Donuts has successfully fought off another Legal Rights Objection against one of its new gTLD applications.
This time the objector was The Limited, apparently the operator of a large chain of clothing stores in the US, and the applied-for gTLD was .limited, which is uncontested.
Key to the World Intellectual Property Organization panelist’s decision appears to be the fact that the brand and the trademark in question is “The Limited” rather than “Limited”.
The retailer failed to show that it was commonly known by the word “Limited” alone, whereas Donuts made the case that “limited” is a common generic word with multiple uses.
The panelist wrote:
The definite article “the” makes a difference in this case. If the string were <.thelimited>, Applicant’s professed plans for the String would be highly suspect. This is because limited liability businesses do not use the term “the limited” (or an abbreviation or derivation thereof) in their company name.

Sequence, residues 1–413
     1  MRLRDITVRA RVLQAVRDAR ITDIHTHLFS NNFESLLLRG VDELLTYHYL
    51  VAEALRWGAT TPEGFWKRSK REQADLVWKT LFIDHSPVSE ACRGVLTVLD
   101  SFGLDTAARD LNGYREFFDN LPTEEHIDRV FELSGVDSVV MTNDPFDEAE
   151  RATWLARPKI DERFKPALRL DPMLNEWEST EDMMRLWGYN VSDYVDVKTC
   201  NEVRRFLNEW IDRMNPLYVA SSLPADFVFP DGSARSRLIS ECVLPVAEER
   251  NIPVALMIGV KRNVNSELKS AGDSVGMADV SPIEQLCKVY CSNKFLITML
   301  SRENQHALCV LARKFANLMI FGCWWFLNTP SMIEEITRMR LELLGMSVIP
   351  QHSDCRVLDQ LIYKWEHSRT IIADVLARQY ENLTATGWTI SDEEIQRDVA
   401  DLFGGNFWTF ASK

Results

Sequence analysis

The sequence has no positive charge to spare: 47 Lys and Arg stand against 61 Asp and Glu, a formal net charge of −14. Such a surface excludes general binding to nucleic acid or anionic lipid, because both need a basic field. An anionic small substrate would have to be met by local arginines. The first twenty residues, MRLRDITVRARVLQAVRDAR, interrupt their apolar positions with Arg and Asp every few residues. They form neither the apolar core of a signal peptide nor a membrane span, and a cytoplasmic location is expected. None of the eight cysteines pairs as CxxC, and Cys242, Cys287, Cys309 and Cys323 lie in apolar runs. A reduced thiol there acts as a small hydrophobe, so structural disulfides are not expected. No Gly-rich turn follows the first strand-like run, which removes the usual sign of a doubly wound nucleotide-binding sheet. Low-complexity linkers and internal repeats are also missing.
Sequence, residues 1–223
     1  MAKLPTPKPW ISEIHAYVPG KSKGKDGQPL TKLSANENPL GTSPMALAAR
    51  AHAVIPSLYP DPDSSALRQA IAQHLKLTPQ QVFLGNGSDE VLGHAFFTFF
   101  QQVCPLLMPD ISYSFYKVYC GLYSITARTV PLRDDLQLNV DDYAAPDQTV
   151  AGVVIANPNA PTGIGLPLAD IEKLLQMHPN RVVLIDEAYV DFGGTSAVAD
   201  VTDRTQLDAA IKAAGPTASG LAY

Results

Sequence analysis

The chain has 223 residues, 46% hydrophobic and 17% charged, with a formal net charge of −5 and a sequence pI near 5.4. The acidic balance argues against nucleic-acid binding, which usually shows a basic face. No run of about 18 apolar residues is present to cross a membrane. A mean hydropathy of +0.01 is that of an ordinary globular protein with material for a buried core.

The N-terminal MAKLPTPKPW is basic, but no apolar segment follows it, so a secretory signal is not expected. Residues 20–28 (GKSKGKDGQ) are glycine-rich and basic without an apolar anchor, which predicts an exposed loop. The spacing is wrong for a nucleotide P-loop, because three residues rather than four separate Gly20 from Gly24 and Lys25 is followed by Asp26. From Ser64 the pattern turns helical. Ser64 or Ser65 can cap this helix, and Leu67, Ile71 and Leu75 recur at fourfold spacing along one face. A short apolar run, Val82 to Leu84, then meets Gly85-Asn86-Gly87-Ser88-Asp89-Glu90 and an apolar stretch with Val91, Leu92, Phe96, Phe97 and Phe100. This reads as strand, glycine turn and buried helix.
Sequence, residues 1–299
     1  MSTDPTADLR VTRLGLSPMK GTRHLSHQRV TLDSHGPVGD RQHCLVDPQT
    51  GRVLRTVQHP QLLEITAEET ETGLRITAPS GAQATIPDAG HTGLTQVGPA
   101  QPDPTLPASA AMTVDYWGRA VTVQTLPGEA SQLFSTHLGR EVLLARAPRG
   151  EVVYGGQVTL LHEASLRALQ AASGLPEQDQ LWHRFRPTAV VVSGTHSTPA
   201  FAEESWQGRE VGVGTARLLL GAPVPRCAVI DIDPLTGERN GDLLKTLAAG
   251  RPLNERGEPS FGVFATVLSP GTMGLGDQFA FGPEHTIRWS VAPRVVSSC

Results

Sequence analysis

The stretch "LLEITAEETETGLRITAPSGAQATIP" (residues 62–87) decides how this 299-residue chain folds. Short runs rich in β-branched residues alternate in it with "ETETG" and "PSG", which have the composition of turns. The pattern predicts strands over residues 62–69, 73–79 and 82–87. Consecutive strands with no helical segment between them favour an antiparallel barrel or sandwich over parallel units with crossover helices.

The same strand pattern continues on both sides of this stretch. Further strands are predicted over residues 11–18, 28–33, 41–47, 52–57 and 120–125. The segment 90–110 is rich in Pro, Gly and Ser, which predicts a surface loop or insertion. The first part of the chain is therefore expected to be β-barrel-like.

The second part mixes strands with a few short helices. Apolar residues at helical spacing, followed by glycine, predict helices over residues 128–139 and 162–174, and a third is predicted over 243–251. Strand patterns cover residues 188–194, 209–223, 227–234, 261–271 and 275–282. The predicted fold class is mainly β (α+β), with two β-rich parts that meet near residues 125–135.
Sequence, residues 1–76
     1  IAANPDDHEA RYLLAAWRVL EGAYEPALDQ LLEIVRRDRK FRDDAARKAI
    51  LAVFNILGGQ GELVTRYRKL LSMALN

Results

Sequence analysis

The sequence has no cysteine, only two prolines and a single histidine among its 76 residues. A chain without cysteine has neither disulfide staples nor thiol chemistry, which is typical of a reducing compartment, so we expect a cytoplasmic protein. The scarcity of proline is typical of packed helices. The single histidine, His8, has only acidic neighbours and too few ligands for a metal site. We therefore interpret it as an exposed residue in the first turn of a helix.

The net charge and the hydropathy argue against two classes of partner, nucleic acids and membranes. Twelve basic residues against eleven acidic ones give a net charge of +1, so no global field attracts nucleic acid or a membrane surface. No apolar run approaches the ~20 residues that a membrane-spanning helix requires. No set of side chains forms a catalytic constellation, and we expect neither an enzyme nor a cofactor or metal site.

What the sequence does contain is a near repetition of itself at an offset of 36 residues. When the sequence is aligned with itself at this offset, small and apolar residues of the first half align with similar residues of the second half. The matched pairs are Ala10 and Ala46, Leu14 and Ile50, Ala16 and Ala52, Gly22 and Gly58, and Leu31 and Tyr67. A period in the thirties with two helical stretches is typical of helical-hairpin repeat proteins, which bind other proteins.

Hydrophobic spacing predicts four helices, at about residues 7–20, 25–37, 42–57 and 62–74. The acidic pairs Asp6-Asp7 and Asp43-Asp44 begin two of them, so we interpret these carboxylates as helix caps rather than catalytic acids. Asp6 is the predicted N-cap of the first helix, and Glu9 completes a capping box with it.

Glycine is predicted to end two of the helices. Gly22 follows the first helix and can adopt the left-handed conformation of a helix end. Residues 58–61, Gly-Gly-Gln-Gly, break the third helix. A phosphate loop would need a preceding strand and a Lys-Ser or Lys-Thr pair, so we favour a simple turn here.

In the absence of the definite article “the” in the String, however, Applicant’s proposed use of the String is plausible and legitimate, and the likelihood of confusion between Objector’s mark and the String is greatly reduced. There is simply no viable evidence in the record to suggest that significant source confusion – among consumers or non-consumers who use the Internet – will ensue if Applicant carries out its plans.
It’s the sixth LRO to be decided and the sixth finding in favor of the new gTLD applicant.
Donuts also fought off an objection from another clothing retailer, Express, which it is fighting for the .express gTLD.